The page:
As can also be seen from the foregoing, an address can be updated in a register, requiring the contents of the physical address cache to be correspondingly updated during normal instruction execution. During the execution of any instruction, the physical address cache is searched by the scan means 26 for an entry associated with the destination register of the instruction. If the destination register has a translation in the cache, and if the associated address is successfully translated, the current entry is updated to reflect the new address. As previously mentioned, the updating requirement requires two associative searches in the physical address cache of every cycle. One search is for a possible load (read) and the other for a possible address update (write).
As can be further seen from the foregoing, the present invention provides early address generation by virtue of the adder 34 working in close conjunction with the address translation logic 36 and the tables 37 and 38. The adder 34 executes the computation of a new address by a small subset of instructions, as, for example, immediate loads and adds and subtracts with small displacements of, for example, 10 bits.
The address generator is implemented so that any address it computes has been translated by the end of the address computation. Specifically, the table entry select bits which it generates allow the accessing of the tables 37 and 38 to proceed in the first half cycle while remaining bits of the new address are computed. The address generator operates during the execute stage of every instruction. It updates translated addresses in the physical address cache and/or provides the external memory with a translated address directly. Hence, it exhibits a distinct advantage over prior art address generators which operate only during the execution of a load instruction.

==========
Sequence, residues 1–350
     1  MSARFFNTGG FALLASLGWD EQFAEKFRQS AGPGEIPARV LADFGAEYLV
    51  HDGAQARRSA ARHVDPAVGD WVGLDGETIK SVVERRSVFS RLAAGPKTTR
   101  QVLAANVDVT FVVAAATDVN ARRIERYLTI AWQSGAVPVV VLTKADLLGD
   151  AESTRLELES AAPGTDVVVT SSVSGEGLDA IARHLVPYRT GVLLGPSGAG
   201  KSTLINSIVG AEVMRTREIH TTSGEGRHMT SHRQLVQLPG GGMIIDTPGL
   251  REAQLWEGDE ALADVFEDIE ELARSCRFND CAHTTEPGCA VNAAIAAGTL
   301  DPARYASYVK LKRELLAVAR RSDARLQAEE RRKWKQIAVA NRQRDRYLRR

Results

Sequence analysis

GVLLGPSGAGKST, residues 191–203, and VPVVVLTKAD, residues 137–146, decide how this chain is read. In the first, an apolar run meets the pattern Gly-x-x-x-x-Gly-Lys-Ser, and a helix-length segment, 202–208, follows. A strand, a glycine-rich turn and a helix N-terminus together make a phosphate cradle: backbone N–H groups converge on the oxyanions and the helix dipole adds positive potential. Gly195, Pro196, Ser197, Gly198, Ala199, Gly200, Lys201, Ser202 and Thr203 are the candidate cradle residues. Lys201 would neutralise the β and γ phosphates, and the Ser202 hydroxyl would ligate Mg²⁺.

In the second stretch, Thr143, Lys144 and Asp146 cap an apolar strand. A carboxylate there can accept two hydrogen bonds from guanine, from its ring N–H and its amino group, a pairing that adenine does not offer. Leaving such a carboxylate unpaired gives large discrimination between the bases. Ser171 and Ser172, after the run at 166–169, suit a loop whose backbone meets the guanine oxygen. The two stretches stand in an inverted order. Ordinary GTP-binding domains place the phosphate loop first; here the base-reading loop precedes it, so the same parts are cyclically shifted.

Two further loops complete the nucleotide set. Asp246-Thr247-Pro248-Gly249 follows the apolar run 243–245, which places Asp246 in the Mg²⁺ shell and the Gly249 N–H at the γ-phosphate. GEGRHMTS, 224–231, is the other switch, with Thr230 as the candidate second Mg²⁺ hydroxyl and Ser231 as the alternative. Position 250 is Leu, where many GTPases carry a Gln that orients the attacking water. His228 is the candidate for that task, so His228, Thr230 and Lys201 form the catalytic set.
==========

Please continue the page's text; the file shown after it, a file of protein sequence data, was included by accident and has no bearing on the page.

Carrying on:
From the foregoing, it can therefore be seen that the present invention provides a new and improved external memory accessing system. Because the system of the present invention utilizes register-indirect addressing, all address computations may be performed explicitly by instructions before a load is performed. As a result, a new address by an address computation is available to the external memory at the beginning of an execution of a load and can be used to improve the performance of the load. In addition, the physical address cache eliminates the penalty of address translation for loads that do not require address computation. Moreover, when address computation is required before a load instruction, the address may be computed when a load instruction is in the decode stage. Since the new address is computed during the decode stage of the load instruction, the new translated physical address may be available ahead of time instead of waiting on the execution of the load instruction to perform address translation so that the translated external memory physical address is still transmitted to the external memory at the beginning of the execute stage of the load instruction. The translated address is also placed into the physical address cache 14 for later reuse. This also allows an additional cycle for the memory access.
While a particular embodiment of the present invention has been shown and described, modifications may be made, and it is therefore intended to cover in the appended claims all such changes and modifications which fall within the true spirit and scope of the invention.
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|U.S. Classification||711/3, 711/207, 711/202, 711/206, 711/E12.061, 711/115|
|International Classification||G06F12/10, G06F9/38, G06F9/355|
|Jan 30, 1990||AS||Assignment|
Owner name: ADVANCED MICRO DEVICES, INC., A CORP. OF DE, CALIF
Free format text: ASSIGNMENT OF ASSIGNORS INTEREST.;ASSIGNOR:JOHNSON, WILLIAM M.;REEL/FRAME:005223/0429
Effective date: 19900123
|Oct 23, 1996||FPAY||Fee payment|
Year of fee payment: 4